Robotics engineer crowd-sources designs for COVID-19 medical supplies to help out-of-stock hospitals
'All of these people want to help because they're all shut down — they need something to do': Gui Cavalcanti
by Brent Bambury
Ever since the virus that causes COVID-19 appeared, the global supply chain for medical devices has been strained and the solutions aren't obvious.
In Canada and the U.S., governments are taking action to mobilize more production of medical supplies.
Auto parts makers are offering to shift production to ventilators, and Health Canada appears ready to relax some regulations around the manufacturing of protective devices.
Frontline workers in hospitals, ambulances, clinics and nursing homes are anticipating shortages of critical care equipment from masks to ventilators — and some are open to unorthodox solutions.
Gui Cavalcanti has one. He's a robotics engineer on the U.S. west coast. When he read about the shortage of supplies, he decided to create a Facebook group to reach out to experts who could design and build open-source, 3D-printed medical equipment.
The response was immediate. Over 22,000 people have now joined the group, and many of them are specialists.
"We have been selectively picking people who are doctors, who are medical transcriptionists, who are researchers, scientists, engineers," Cavalcanti told Day 6. "We have been putting them into a higher level organization which is essentially at this point a flash NGO."
Calvalcanti says healthcare workers on the frontlines are responding.
"I have hospitals begging me now to send them supplies."
An information source for local production
But providing medical supplies is not the aim of Cavalcanti's virtual NGO. Instead, he wants to centralize ideas.
"Our goal is to be a library to provide information," he said.
Cavalcanti's group has hundreds of posts about protective equipment. There are instructions on making gloves with a laser cutter, how to sew masks and plans for the 3D printing of various devices. Contributions come from all over the world.
If a hospital is looking for face shields, there's a document from Johns Hopkins University on how to create an assembly line to make your own. It says a team of 20 people built 1,000 shields in six hours.
Calvalcanti says he's trying to help local medical services develop their own supply chain so production could happen at the local site according to its need.
"We shouldn't be thought of as the people who are going to fix the problem, because the only people who are going to fix the problem are those in their local communities," Cavalcanti said.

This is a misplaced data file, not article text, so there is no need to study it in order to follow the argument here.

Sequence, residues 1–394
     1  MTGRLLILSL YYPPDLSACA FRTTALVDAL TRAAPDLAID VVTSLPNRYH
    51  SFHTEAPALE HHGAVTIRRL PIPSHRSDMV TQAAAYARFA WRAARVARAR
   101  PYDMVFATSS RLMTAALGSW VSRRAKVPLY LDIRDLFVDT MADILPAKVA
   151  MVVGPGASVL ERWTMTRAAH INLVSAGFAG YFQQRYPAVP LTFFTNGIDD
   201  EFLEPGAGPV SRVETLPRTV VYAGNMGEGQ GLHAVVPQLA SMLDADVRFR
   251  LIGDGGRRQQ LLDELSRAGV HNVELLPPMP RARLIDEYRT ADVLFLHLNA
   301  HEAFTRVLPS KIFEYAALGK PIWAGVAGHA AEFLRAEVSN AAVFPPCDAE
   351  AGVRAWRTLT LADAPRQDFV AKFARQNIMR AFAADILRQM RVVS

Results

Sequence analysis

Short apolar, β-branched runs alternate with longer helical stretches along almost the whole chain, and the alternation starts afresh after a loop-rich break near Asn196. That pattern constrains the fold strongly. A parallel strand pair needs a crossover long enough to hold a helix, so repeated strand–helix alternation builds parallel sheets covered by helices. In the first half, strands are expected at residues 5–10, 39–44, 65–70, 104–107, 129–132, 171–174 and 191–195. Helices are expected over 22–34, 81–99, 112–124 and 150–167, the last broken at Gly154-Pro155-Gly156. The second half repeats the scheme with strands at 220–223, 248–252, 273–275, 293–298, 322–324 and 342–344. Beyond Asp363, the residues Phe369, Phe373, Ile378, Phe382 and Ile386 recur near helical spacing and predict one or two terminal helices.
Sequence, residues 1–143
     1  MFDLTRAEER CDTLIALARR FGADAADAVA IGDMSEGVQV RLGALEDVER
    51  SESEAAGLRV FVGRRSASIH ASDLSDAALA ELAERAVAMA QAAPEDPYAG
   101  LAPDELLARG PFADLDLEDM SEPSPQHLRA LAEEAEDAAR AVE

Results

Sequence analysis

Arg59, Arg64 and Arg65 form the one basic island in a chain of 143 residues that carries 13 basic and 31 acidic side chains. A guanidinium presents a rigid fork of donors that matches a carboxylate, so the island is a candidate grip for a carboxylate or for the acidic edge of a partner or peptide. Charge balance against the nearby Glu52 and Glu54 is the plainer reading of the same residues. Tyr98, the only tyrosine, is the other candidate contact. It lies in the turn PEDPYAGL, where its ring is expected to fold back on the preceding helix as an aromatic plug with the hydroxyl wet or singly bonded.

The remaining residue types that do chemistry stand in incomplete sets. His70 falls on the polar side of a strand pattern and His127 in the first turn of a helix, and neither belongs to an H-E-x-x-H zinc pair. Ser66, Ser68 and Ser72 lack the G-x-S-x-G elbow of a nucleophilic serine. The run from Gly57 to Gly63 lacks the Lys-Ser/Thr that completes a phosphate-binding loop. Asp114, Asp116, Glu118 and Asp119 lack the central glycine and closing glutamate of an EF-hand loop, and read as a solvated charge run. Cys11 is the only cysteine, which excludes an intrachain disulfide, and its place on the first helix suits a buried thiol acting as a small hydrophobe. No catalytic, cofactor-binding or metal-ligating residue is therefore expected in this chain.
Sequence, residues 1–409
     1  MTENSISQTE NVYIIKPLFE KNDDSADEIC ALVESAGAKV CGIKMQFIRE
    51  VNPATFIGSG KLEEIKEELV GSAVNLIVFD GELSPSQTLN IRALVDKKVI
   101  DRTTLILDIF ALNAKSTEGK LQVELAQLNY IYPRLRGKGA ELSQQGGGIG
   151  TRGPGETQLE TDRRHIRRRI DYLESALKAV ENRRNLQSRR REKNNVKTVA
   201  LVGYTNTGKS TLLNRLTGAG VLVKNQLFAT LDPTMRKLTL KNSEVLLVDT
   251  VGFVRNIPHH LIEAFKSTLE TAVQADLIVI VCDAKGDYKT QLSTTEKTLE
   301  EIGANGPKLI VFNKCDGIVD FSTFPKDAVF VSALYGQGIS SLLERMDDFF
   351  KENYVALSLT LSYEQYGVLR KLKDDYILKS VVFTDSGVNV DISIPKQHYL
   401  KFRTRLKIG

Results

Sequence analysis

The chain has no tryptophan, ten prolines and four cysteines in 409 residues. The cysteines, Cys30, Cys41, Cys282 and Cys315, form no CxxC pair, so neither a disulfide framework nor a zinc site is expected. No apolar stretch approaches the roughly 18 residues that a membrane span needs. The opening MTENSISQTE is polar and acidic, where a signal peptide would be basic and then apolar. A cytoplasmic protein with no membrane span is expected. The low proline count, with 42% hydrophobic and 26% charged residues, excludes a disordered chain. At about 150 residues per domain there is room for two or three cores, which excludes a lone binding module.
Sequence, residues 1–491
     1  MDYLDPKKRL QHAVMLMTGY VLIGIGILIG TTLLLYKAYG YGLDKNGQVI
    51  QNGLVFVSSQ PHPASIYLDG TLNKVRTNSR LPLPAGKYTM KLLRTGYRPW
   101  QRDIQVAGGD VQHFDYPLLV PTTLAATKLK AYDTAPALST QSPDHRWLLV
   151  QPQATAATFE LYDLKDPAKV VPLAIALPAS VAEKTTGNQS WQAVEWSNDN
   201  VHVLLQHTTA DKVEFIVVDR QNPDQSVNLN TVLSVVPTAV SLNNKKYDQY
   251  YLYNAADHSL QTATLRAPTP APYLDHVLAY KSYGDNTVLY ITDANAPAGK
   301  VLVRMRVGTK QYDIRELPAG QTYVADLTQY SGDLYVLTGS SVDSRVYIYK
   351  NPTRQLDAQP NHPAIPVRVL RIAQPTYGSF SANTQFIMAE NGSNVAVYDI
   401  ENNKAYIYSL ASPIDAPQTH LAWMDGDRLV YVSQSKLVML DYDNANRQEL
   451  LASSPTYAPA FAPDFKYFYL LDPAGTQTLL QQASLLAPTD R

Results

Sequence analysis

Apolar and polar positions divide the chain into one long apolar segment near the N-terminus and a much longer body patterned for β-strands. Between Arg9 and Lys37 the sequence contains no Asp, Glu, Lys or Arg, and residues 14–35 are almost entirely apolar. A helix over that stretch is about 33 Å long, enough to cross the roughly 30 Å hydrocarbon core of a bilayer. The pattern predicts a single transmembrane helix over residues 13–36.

Cavalcanti says hospitals will need massive supply increases of basic protective equipment as COVID-19 patients arrive, because a single patient might be in hospital for up to 20 days, with multiple medical professionals caring for them.
"They're attended by almost four or five people every day," he said. "So you have four to five people — each of them needs a mask. Each of them needs a face shield, each of them needs gloves, each of them needs protective equipment. You multiply that by 20 days and all of a sudden a single COVID-19 patient needs 100 pairs of gloves."
The issue with ventilators
But there's a debate about the ethics, safety and legality of some initiatives.
In Italy, reports that a hospital was able to save lives after it swapped out faulty ventilator valves with 3D-printed replacements, though controversial, sparked calls for people to 3D print ventilators in the United States.
"I was originally thinking we need to make ventilators," Cavalcanti said. But he was redirected by a health professional he contacted and told to focus his energy elsewhere.
"They immediately cut me off and said, 'Please don't [try to make ventilators.] If we run out of ICU physicians because they don't have masks and face shields and gloves and other protective equipment we won't need ventilators.'"
On his Facebook group there's still forceful discussion of a looming ventilator shortage and possible solutions. But Cavalcanti stresses that shortages of personal protective equipment like gloves and masks are acute and need to be addressed.
"The issue that we're seeing now is we have hospital administrators who are sitting in conference tables in Seattle tearing the plastic out of binders, taping rubber bands to those binder vinyl pieces and then using them as improvised face shields," Cavalcanti said.
"There's absolutely no reason for that. We are surrounded by fabrication shops. We are surrounded by skilled makers in their garages. All of these people want to help because they're all shut down. They need something to do."
Safety and the vulnerable
But if materials produced outside of conventional medical supply chains are of lower quality they may be dangerous, especially to the weakest and most vulnerable patients in the system.
So what if devices produced through Cavalcanti's Facebook group hurt patients?
"We're providing information," he said. "We are not providing materials. We are asking for communities to provide the materials directly to hospitals. And what our goal is, is to just inform people of the varying scale of potential solutions."
"And I am taking the perspective that this world has enough engineers in it working on these problems, but we need to be able to find them, vet them, make sure they're safe and then present them to the rest of the world."
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